Now Self has gone a little deeper into the appeal typewriters hold for him, raising the questions in the headline above in his Diary in the London Review of Books earlier in the month.
Self wrote (American readers may not know that a "perv" is slang for an erotic glance or look):
    When I was a child I perved over my mother’s typewriters; first, her beautiful olive green Olivetti Lettera 22 with American keys, then later her IBM golfball electric which seemed to explode into kinesis if you touched it. I picked up an ancient Underwood of my own in a junk shop and used it to hammer out comedic plays. By the time I wanted to write less childish things, my mother had died, and since she’d been a relatively early adopter I’d inherited her primitive Amstrad PCW 9512 word processor. I wrote my first five books (and plenty of journalism) on that machine and thought it perfectly adequate to the task, but then in the mid-1990s its printer packed up. I invested in a proper PC that could connect to the Internet with a loud noise of whistling timpani, suggestive of Alberich forging the ring of the Nibelung. I didn’t find this too much of a distraction, because I only used the Internet to file my journalistic copy.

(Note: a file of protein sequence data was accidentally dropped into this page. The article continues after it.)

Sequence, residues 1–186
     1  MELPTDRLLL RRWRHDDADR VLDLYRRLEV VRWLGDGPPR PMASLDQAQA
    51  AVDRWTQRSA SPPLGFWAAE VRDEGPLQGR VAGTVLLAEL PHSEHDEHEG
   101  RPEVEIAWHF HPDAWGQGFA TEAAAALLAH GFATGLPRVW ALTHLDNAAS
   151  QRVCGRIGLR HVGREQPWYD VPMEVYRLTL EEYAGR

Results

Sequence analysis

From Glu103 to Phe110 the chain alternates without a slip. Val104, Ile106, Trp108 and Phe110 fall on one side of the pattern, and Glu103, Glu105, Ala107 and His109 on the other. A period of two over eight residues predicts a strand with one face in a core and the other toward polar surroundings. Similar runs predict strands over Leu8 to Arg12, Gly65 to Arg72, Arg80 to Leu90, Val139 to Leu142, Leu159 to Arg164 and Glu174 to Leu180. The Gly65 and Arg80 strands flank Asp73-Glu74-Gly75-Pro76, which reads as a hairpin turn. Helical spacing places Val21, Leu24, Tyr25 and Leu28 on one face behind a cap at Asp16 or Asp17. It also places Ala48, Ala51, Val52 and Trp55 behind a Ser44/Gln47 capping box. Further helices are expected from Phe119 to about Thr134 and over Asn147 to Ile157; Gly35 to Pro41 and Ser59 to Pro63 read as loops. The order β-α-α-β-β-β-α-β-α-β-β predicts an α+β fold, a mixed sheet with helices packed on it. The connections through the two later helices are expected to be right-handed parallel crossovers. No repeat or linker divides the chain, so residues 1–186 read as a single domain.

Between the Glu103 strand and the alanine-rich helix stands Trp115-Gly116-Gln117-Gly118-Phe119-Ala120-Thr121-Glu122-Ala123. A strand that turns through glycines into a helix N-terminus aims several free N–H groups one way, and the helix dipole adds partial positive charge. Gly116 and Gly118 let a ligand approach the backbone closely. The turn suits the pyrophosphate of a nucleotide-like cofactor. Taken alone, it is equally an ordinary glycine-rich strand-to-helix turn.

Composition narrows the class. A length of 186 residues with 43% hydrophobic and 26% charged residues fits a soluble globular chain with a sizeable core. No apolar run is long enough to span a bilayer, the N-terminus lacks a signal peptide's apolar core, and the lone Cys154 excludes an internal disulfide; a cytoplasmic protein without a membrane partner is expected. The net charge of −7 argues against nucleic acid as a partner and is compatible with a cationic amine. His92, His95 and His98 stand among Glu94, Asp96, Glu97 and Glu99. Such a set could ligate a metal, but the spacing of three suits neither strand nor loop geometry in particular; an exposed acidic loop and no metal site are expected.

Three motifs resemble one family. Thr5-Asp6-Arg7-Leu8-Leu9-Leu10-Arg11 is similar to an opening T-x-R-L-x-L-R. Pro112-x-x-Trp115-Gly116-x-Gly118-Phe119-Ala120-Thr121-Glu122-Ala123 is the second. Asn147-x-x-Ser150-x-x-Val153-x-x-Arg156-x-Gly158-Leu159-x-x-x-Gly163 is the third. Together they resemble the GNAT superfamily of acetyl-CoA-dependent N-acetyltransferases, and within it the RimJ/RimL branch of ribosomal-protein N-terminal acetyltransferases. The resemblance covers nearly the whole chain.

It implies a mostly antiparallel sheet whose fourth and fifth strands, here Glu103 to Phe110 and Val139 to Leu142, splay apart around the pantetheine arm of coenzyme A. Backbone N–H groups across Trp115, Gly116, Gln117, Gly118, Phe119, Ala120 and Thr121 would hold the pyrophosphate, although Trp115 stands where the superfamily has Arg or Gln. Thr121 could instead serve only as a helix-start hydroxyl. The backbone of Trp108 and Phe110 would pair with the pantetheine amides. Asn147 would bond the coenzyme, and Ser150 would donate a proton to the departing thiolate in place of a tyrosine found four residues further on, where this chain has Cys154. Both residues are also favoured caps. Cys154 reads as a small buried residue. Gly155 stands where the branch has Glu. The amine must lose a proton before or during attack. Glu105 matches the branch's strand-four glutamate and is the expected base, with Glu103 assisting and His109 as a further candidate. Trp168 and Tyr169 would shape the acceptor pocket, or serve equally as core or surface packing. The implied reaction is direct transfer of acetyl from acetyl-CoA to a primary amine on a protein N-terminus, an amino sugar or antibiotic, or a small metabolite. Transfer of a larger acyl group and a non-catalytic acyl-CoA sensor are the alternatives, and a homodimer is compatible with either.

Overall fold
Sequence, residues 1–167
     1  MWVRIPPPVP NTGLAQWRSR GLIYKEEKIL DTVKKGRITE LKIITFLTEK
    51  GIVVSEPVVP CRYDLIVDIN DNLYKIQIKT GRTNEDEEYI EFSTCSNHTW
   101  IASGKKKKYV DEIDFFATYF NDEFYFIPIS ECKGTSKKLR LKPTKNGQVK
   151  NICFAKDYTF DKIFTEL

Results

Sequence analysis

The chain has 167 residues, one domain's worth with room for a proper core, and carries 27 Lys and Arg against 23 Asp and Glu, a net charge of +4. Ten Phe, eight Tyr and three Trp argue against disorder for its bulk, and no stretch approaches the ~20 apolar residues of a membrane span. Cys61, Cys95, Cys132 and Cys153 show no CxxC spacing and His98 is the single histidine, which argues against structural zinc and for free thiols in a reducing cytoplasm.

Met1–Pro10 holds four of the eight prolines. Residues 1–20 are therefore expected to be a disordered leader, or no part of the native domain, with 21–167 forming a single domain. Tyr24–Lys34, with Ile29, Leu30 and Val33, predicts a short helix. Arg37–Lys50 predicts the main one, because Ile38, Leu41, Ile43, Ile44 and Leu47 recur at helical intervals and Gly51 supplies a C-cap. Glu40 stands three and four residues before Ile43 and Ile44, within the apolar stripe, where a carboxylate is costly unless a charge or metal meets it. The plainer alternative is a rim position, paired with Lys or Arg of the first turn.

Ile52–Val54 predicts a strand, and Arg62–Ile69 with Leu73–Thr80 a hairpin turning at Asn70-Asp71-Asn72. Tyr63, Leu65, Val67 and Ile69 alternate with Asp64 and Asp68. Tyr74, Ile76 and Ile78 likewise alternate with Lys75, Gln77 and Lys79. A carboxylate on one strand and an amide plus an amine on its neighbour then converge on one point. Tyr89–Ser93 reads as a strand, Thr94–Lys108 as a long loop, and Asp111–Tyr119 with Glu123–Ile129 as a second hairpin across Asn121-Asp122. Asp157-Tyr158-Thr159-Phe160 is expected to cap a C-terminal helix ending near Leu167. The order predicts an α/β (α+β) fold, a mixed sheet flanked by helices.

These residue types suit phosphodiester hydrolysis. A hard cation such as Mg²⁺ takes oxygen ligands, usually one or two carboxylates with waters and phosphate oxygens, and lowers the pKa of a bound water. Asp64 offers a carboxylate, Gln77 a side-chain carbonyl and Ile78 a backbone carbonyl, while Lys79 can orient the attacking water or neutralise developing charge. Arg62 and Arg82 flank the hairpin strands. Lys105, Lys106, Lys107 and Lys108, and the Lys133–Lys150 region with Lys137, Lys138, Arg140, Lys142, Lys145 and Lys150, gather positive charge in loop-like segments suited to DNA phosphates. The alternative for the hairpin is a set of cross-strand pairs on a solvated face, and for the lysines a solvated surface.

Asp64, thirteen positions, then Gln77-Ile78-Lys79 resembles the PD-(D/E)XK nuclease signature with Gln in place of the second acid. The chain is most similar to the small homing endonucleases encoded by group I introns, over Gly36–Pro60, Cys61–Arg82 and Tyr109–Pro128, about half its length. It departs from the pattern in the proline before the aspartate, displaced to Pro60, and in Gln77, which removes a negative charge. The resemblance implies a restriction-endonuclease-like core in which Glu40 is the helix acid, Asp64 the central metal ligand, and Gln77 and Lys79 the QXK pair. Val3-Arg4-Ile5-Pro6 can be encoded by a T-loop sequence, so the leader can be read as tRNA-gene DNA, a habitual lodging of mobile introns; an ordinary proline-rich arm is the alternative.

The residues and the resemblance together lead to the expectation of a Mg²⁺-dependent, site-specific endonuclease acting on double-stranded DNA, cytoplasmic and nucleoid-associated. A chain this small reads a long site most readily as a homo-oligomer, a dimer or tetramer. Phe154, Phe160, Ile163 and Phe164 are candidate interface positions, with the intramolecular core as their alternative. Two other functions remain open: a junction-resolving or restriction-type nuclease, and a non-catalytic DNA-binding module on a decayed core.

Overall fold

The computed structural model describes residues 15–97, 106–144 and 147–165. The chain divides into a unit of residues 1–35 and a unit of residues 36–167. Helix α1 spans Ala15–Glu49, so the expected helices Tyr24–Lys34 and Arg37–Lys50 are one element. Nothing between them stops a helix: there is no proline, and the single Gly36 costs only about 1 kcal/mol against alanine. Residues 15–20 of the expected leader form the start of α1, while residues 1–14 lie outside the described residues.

In general I thought computers unlovely things, their functionalist design yet more evidence of the worrying convergence between the British built environment of the period and all the actual - as opposed to virtual - desktops it aspired to encapsulate. As for the computer screen that is nowadays ever before us, I can recall perfectly the primitive holotype with its horse-trough depth and greenish luminescence; surely its lineal descendants’ capacity to display almost infinite imagery has resulted in this unintended consequence: a leeching of aesthetic interest or engagement; the duff skeuomorphic icons denoting folders and programs have encroached, rendering all local space planar. ‘And the heaven departed as a scroll when it is rolled together; and every mountain and island were moved out of their places.’ Sometimes, if I worked for too long without a break, when I turned away from the screen the blinking cursor would go with me, and hover, heralding, above an ashtray or a mug. Naturally I desired computers - who didn’t? Shinier ones, smaller ones, slimmer ones, more powerful ones; the problem was I didn’t really know what to do with their myriad emergent capabilities. So, during this period I reserved my perving for notebooks and propelling pencils, Post-it notes and file cards.